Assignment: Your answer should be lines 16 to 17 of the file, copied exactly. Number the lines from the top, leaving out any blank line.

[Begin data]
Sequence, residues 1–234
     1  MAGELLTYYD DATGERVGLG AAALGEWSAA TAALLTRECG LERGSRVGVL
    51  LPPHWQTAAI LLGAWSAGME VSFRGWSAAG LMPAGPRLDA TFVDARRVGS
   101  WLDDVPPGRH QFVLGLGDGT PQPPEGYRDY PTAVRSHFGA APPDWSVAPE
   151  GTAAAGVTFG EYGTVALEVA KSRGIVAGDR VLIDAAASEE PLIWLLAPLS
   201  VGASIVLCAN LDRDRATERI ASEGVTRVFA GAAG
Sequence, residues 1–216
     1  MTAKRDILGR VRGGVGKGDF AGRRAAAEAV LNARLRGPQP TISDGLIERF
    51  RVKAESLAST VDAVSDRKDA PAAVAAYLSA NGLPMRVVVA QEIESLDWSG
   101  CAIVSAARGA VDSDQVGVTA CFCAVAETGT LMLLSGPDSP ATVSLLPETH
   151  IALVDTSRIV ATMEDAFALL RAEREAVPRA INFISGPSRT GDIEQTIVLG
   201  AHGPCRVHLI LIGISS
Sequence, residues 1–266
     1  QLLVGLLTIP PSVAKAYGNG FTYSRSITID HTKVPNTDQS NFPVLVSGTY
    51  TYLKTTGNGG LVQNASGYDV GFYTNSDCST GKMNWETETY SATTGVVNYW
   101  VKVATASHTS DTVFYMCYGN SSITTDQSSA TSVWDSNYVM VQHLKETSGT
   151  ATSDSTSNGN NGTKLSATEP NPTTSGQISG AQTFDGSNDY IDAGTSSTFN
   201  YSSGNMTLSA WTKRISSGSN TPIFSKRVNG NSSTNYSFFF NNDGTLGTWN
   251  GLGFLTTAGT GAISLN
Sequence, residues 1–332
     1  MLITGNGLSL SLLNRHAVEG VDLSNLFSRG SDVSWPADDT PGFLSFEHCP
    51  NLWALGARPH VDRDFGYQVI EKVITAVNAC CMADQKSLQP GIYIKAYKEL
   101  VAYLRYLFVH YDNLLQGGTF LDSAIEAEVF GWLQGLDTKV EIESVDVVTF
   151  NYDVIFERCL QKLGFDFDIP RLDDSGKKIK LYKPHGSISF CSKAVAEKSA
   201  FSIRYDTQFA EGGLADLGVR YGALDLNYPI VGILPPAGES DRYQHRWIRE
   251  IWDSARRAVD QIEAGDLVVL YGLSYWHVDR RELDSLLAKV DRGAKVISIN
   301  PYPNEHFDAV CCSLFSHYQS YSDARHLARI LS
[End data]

   101  VKVATASHTS DTVFYMCYGN SSITTDQSSA TSVWDSNYVM VQHLKETSGT
   151  ATSDSTSNGN NGTKLSATEP NPTTSGQISG AQTFDGSNDY IDAGTSSTFN